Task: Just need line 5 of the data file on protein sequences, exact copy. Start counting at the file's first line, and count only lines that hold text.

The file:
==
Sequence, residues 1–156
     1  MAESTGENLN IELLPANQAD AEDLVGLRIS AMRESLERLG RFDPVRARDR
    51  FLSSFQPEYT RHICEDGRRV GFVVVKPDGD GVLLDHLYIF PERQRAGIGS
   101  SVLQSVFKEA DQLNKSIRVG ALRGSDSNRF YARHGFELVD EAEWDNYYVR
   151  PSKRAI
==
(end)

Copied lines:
   151  PSKRAI